History of Agricultural Extension


Agricultural extension is an age-old practice that seeks to transfer knowledge and technology from research stations and universities to farmers in rural areas. It aims to bridge the gap between scientific research and the adoption of innovative farm practices by farmers. The origins of agricultural extension can be traced back to ancient civilizations, but it was only in the late 19th century that it gained recognition as a formal profession.

The earliest form of agricultural extension can be seen in the practices of early civilizations such as the Mesopotamians, Egyptians, and Chinese. These societies had a sophisticated understanding of agriculture and often employed extension agents to disseminate new farming techniques to farmers. However, the concept of modern-day agricultural extension was first introduced in Europe in the late 19th century.

The first form of formal agricultural extension can be traced back to Ireland in the late 1800s. Sir Horace Plunkett, a renowned agricultural reformer, established the Co-operative Agricultural Organization Society (CAOS) to promote cooperation among farmers and to provide them with technical assistance and education. The CAOS was the first of its kind and served as a model for agricultural extension across Europe and the United States.

In the United States, agricultural extension was officially established in 1914 with the signing of the Smith-Lever Act. This act created the Cooperative Extension Service as a partnership between the U.S. Department of Agriculture and state land-grant universities. The Cooperative Extension Service aimed to educate and assist farmers in improving their agricultural practices through demonstrations, lectures, and publications.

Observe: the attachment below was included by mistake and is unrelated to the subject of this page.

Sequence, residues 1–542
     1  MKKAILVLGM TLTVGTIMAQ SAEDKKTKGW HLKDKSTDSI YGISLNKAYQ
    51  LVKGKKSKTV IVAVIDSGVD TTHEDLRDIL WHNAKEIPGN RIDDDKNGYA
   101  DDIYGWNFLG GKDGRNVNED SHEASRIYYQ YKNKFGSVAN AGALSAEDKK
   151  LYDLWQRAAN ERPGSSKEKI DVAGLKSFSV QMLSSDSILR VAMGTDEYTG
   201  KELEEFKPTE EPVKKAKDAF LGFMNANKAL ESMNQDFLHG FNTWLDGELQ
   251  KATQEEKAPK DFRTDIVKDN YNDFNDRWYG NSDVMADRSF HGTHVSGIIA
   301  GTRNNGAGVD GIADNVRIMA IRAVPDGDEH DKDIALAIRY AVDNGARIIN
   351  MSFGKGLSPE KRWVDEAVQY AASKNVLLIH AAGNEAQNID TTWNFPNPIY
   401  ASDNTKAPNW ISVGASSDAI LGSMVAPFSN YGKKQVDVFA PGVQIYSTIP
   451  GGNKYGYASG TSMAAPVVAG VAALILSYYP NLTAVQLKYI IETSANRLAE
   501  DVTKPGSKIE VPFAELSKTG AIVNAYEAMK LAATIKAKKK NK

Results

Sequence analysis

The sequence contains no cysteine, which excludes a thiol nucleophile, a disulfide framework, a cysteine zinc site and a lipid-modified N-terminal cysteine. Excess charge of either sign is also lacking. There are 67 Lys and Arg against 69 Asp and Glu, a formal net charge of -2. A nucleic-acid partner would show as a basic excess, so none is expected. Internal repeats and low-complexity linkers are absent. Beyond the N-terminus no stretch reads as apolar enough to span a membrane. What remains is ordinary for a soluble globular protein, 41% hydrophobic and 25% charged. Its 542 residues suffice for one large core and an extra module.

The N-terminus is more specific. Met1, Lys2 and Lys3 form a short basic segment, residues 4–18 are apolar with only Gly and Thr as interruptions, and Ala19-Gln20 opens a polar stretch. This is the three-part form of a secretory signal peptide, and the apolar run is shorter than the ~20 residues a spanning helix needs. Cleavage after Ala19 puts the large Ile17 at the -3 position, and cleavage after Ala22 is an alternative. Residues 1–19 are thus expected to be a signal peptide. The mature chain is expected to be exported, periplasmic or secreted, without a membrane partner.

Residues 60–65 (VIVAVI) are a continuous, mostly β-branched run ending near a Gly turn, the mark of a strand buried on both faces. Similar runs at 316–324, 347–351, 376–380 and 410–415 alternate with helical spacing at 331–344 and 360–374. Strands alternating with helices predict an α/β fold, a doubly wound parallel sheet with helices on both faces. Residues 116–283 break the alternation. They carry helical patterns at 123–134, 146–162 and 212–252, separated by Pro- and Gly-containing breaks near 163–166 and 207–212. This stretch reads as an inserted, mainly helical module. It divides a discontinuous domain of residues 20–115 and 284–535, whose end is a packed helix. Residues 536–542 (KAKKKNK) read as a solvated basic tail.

In the 1920s and 1930s, agricultural extension services expanded across Europe and other parts of the world as governments recognized the need for trained professionals to disseminate new farming techniques to rural farmers. The Soviet Union, in particular, established an extensive system of agricultural extension to improve agricultural production and bolster the country’s economy.

The 1960s and 1970s witnessed a major transformation in agricultural extension with the introduction of new technologies and the Green Revolution. The Green Revolution was a period of significant improvements in agricultural production, mainly in developing countries, due to the introduction of high-yielding crop varieties, fertilizers, and modern farming techniques. This led to the development of the concept of “farmer-to-farmer” extension, where successful farmers were trained and encouraged to share their knowledge and techniques with other farmers.

With the rise of globalization and the need to address pressing issues such as food security and climate change, there has been a shift towards participatory and farmer-centered extension practices. This approach involves working closely with farmers, understanding their needs and challenges, and involving them in the decision-making process. It also includes the use of modern communication technologies, such as mobile phones and the internet, to disseminate information and connect farmers with extension services.

Today, agricultural extension continues to evolve to meet the changing needs of farmers and the agriculture sector. From traditional methods of face-to-face training and demonstrations to modern approaches like e-extension and virtual field schools, agricultural extension plays a critical role in ensuring sustainable agriculture and rural development.

In conclusion, the history of agricultural extension dates back centuries and has witnessed several transformations that have shaped its current form. It has played a vital role in the development of the agriculture sector, and its relevance continues to grow in today’s globalized world. As the world faces new challenges, it is essential to continue investing in agricultural extension to ensure the success and sustainability of the agricultural sector.